Ontario figure skaters have been leaving their mark for as long as there have been competitions to record them. We are #SkateOntarioProud of all of them.

Going back in time to 50 years ago or so, a young Toller Cranston was training to take his place among the ‘greats’ at that time. He would ultimately rise to the level of Olympic bronze medallist in 1976, World bronze medallist in 1974 along with claiming 6 national titles.

Toller was one of a kind. As an artist on the ice, he forged a path of expression in men’s figure skating that served as a template for the likes of other Skate Ontario legends like Olympic silver medallist Patrick Chan. Off the ice and armed with a paintbrush, his exploration of colour, theme and texture was also unique and stands the test of time (and taste!).

“It is important to remember those that came before this generation of skaters,” said Lisa Alexander, Executive Director, Skate Ontario. “The fact that Toller has exerted the kind of influence that he has on the generations that came after him is something to be celebrated. We are thrilled at Skate Ontario to claim Toller as one of our own.”

On January 24, 2015, at the age of 65, Toller was found dead of an apparent heart attack in his home in San Miguel Allende, Mexico. As fate would have it, just before the men’s free skate final, news of his passing spread like wildfire at the Canadian National Championships that were taking place in Kingston at the time. One day later and nobody would have been talking about him, but as it was, the rink was buzzing with stories and memories and shock at Toller’s passing. He would have loved the attention and it seemed fitting that his skating family was together in that moment.

Not long after, Toller’s sister Phillippa Cranston Baran set out on a project to pay tribute to her talented, eccentric, ethereal and divinely-inspired artistic brother. The words may seem extreme but in truth don’t come close to capturing the spirit of the man.

Phillippa’s project is a book called “Toller Cranston: Ice, Paint, Passion” and is an anthology of sorts with over 150 contributors sharing their view of Toller, what he did and the legacy that he leaves behind. The commentary, opinions and memories come from famous people (like Joni Mitchell, Don Jackson and Leonard Cohen) and not-so-famous alike like Toller’s staff from his Mexico home.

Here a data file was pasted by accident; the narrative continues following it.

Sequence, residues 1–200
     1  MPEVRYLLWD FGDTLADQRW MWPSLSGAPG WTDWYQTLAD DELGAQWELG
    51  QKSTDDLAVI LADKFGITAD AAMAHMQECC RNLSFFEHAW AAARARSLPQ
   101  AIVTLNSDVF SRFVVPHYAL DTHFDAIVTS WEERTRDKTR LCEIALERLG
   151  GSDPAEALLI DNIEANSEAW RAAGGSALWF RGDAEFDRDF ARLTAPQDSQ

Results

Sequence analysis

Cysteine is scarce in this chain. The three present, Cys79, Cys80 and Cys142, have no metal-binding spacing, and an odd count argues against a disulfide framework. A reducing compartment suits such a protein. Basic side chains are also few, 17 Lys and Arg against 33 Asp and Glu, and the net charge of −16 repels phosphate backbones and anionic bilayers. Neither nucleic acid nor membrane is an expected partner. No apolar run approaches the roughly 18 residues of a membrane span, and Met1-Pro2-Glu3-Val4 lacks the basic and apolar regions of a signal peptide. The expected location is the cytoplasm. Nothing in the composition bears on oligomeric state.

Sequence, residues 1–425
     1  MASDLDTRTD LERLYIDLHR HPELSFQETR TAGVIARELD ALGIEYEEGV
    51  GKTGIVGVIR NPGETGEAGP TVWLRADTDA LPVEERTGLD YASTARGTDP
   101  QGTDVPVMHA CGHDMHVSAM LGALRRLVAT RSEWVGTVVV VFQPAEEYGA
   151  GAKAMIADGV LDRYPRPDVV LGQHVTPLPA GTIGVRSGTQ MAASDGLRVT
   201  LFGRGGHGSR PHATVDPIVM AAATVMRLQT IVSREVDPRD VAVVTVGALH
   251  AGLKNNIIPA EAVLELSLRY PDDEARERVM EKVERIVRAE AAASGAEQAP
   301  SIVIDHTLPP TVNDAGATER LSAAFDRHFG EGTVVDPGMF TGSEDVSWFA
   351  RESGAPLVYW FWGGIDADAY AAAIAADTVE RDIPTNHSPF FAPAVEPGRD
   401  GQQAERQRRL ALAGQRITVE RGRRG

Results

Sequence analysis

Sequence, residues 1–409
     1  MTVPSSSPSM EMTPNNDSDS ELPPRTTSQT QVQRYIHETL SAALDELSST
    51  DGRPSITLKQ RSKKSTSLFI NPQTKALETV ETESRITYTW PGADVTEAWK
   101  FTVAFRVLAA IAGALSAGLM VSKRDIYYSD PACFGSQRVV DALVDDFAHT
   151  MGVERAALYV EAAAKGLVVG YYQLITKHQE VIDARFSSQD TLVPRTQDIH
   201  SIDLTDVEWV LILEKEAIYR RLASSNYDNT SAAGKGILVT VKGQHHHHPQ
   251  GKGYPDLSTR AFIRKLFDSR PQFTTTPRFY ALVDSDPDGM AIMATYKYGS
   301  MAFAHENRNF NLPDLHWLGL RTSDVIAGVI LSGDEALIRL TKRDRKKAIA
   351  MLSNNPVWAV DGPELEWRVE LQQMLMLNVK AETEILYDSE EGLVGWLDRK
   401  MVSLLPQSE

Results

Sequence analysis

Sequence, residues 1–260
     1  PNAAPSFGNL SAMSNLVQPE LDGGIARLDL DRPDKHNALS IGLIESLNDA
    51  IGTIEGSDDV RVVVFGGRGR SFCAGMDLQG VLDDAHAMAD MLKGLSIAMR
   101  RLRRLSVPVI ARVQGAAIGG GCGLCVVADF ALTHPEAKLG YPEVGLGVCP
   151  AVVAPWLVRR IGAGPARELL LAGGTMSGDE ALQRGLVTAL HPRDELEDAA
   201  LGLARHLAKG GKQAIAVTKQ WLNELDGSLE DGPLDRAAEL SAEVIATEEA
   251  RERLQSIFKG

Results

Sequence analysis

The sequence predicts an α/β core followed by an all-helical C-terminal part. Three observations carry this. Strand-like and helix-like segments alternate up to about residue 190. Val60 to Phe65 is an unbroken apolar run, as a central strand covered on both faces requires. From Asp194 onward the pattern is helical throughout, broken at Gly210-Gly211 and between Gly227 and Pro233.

“To have the support of so many friends and fans who knew Toller and who were willing to share their stories has been a blessing I wasn’t expecting and to launch the book in the heart of the Skate Ontario region feels like coming home,” said author Phillippa Cranston Baran

On Saturday, February 24th from 1 – 4 pm, there will be a free event at the Donna Child Fine Art Gallery in Toronto celebrating the launch of Toller Cranston: Ice, Paint, Passion (see attached invitation), and all are welcome!

Toller Cranston, Ice, Paint, Passion is also available from Amazon and local booksellers as well as by order from the publisher, Sutherland House Books <>.


Never Miss an Update

Subscribe to the Skate Ontario newsletter to get the latest club, coaching, or events and technical news.

By submitting this form, you are consenting to receive marketing emails from: . You can revoke your consent to receive emails at any time by using the SafeUnsubscribe® link, found at the bottom of every email. Emails are serviced by Constant Contact

Official Shop

Show off your skate pride with offical gear.

Shop now